Tuesday 15 October 2019
GCSEs & dyslexia
The petition of Residents of Sevenoaks constituency,
Declares concern over the current standards in marking GCSE English exams taken by students with dyslexia; further declares that many children with dyslexia are exceptionally gifted at English but struggle to pass their English GCSE due to how many marks are dedicated to spelling and punctuation; further that this is discrimination and can negatively affect children’s futures, mental health and access to further education opportunities; and further notes a local petition started by Mrs Sonia Ash on this matter that has received over 10,200 signatures.
The petitioners therefore request that the House of Commons urges the Government to review the current marking system in regard to students with dyslexia to make the system fairer and to remove marks for spelling, handwriting and punctuation on English GCSE exams for children with dyslexia so they are not discriminated against.
And the petitioners remain, etc.—[Presented by Sir Michael Fallon, Official Report, 4 September 2019; Vol. 664, c. 318.]
Observations from the Minister for School Standards (Nick Gibb):
During the GCSE reform process the Government consulted extensively with schools, colleges and universities and employers on both the principles for reform and the detail of the content of individual subjects. The effect of the reforms on pupils with special educational needs and disabilities (SEND) was carefully considered.
The Government have reformed GCSEs because employers and educators reported that too many school leavers lacked crucial skills. Accurate spelling, punctuation and grammar are necessary for effective written communication. The Government want all pupils to have the opportunity to acquire these skills to a good standard and that is why, from primary school onwards, we have placed a greater focus on the teaching of spelling, punctuation and grammar.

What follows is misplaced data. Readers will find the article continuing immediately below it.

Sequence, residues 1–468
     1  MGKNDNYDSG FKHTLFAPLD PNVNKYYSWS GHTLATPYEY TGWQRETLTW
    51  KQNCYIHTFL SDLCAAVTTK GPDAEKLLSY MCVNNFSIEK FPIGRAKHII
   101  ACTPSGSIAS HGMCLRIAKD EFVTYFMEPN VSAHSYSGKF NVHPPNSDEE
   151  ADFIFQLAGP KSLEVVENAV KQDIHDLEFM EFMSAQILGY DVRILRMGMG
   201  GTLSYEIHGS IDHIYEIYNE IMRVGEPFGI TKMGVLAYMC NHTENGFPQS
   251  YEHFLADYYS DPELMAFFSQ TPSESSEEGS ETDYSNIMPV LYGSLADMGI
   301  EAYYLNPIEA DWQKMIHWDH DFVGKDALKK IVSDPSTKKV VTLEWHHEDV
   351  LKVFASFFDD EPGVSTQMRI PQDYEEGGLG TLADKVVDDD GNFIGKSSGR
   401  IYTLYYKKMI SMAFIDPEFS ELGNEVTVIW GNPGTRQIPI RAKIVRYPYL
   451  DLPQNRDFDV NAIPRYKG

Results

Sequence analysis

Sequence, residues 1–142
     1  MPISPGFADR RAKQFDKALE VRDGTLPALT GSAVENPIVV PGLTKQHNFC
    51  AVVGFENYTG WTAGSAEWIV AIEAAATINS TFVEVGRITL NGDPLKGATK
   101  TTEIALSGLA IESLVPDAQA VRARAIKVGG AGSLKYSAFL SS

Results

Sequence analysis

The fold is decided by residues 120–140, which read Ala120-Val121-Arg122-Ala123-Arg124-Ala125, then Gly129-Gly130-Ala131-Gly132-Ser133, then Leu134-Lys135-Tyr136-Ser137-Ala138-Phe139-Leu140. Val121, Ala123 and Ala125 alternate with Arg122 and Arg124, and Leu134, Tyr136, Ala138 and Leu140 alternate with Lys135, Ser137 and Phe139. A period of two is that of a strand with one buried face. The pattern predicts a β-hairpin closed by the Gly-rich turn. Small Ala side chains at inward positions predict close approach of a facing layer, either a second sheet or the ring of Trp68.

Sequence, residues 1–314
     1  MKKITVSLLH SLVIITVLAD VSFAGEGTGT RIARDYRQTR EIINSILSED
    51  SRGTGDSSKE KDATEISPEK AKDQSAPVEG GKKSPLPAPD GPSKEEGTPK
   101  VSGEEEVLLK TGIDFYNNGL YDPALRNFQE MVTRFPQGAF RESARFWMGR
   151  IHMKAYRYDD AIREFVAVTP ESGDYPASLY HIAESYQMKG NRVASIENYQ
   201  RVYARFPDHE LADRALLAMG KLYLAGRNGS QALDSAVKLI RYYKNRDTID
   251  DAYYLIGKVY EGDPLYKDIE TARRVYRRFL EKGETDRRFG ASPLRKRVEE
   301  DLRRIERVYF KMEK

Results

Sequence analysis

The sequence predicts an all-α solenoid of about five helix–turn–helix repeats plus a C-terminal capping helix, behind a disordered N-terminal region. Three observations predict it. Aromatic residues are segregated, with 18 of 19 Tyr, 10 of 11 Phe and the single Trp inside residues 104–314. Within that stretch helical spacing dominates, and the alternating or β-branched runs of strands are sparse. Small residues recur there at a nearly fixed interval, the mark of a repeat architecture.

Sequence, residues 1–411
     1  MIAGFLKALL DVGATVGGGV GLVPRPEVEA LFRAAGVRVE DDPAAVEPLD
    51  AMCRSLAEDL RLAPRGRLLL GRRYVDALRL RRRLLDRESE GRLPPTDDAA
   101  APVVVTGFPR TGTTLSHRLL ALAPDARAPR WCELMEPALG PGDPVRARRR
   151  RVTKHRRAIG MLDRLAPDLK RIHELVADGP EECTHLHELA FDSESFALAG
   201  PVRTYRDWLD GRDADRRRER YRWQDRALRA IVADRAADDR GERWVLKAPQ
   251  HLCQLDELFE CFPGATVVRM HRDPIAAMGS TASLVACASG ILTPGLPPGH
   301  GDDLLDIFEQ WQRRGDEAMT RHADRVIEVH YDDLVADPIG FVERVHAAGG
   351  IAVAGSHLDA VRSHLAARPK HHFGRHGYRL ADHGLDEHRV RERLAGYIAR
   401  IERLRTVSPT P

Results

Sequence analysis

In making the decision to reform GCSEs, we took full account of the potential impacts on those with SEN and disabilities, including students with dyslexia and published an Equalities Impact Assessment. We will keep this position under review and are considering undertaking research on those with learning difficulties since the policy was introduced, and what that can tell us about the impact on those groups. Where we can draw out relevant data, we will consider that in relation to the policy.
In the department’s published subject content for English language GCSE, it is specified that: candidates must use a range of vocabulary and sentence structures for clarity, purpose and effect, with accurate spelling and punctuation. (This requirement must constitute 20% of the total marks for each specification as a whole.) There are no marks for handwriting in GCSE English.
Exam boards have developed their own guidelines on how they attribute these marks. Spelling, punctuation, and grammar are not free standing elements that are considered separately. They all impact on sentence structure, clarity and effect. A student will receive a mark that is proportionate to the overall skill they have demonstrated across the different elements.
Students do not lose marks, but are rewarded (given marks) where they have demonstrated relevant knowledge, understanding and/or skills in response to a particular assessment.
The number of marks a student is given for aspects of the qualification that include spelling, punctuation and grammar will not be set out on the GCSE certificate. GCSE results are issued as grades that are awarded based on a student’s overall performance in that qualification. This is because GCSEs are compensatory qualifications that allow for a student’s strengths and weaknesses in a particular subject to balance out.